“The Granddaddy” of golf courses, Pine Lakes hasn’t lost its charm
The year was 1927 and the place was Myrtle Beach, which since the turn of the century had transformed from nothing more than a fledgling coastal town into a bustling, up-and-coming resort destination. Robert White, a St. Andrews, Scotland-based architect and the first president of the Professional Golf Association (PGA) of America, decided to build a golf course – Pine Lakes – a course that, nearly a century later, has stood the test of time and is fondly known today as “The Granddaddy” of Myrtle Beach golf.
Coastal Golfaway provides premier rates and tee time accessibility to the Top 25 golf courses on the Grand Strand, a list where Pine Lakes deservedly resides at No. 21. One word to describe the layout at Pine Lakes is “classic.” The course has just two par 5s (Nos. 5 & 10) and plays to a par 70. Meanwhile, most greens are very close to the tee boxes of the next hole. Additionally, there is a good mix of straightaway and dogleg par 4s, as well as a variety of unique par 3s – some requiring forced carries over water – and others forcing players to hit it a long way off the tee. With the smell of salt in the nearby ocean air as you play, Pine Lakes provides a golf course that, while just seconds from the hustle and bustle of the beach, takes players back to a different time and era.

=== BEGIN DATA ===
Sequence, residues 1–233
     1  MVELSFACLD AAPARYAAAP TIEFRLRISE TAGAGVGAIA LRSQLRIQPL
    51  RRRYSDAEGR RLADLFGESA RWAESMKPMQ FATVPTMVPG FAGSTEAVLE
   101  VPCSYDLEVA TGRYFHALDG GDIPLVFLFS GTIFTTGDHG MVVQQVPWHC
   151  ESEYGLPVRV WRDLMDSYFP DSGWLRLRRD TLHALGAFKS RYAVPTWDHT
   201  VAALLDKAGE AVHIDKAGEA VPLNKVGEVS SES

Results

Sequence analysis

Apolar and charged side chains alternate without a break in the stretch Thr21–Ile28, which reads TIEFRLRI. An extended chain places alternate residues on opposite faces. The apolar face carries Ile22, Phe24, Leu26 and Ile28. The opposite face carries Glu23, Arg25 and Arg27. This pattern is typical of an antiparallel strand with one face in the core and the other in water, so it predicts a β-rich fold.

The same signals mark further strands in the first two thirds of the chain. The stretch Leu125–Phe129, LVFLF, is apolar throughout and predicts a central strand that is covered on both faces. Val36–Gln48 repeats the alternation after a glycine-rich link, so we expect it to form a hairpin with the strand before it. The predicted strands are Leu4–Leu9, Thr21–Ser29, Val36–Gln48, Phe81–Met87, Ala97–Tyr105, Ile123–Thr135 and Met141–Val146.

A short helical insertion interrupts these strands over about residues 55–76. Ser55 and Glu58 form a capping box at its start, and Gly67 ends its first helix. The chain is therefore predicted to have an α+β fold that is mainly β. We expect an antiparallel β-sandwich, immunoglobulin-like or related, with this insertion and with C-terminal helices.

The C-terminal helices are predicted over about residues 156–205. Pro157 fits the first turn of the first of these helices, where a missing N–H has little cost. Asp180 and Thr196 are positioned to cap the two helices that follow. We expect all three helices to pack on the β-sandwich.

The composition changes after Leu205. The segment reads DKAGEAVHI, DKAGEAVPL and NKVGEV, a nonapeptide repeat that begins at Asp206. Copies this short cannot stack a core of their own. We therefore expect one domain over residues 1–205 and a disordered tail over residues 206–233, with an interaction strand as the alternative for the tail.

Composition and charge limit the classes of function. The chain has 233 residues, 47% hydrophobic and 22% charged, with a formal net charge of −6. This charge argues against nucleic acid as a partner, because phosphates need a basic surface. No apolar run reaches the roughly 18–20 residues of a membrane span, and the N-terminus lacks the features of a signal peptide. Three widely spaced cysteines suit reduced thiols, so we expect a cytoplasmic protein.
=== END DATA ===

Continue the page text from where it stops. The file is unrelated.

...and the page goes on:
While the golf course itself at Pine Lakes embraces Myrtle Beach golf’s historic past, the experience is geared to meeting the needs of the visiting golfer of today. Step inside the large, all-white, Colonial-style clubhouse, where you’ll find a bar and grillroom with TVs mounted for your enjoyment; a fully stocked pro shop with a staff that is eager to serve; and a locker room for freshening up after your round. Outside, there is a covered patio with chairs for you to sit and look out over the golf course along with two practice putting greens – one for the front nine and one for the back.